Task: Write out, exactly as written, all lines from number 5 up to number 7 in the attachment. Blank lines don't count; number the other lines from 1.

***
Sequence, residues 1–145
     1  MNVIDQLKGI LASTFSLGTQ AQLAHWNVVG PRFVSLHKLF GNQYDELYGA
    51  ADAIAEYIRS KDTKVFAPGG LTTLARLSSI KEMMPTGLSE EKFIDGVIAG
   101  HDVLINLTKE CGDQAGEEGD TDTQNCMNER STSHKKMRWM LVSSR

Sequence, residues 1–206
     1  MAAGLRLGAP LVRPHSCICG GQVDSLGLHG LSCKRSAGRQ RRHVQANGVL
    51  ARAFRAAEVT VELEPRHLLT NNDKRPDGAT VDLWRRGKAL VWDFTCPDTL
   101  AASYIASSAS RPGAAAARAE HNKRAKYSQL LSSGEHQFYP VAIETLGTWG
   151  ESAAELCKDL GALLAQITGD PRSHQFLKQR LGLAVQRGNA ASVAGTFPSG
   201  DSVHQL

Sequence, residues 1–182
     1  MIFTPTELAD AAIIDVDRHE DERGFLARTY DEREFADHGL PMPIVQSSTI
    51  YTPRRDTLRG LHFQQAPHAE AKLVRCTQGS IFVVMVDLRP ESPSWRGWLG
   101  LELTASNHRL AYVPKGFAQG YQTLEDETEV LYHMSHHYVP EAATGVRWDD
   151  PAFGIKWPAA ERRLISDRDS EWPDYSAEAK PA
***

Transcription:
Sequence, residues 1–206
     1  MAAGLRLGAP LVRPHSCICG GQVDSLGLHG LSCKRSAGRQ RRHVQANGVL
    51  ARAFRAAEVT VELEPRHLLT NNDKRPDGAT VDLWRRGKAL VWDFTCPDTL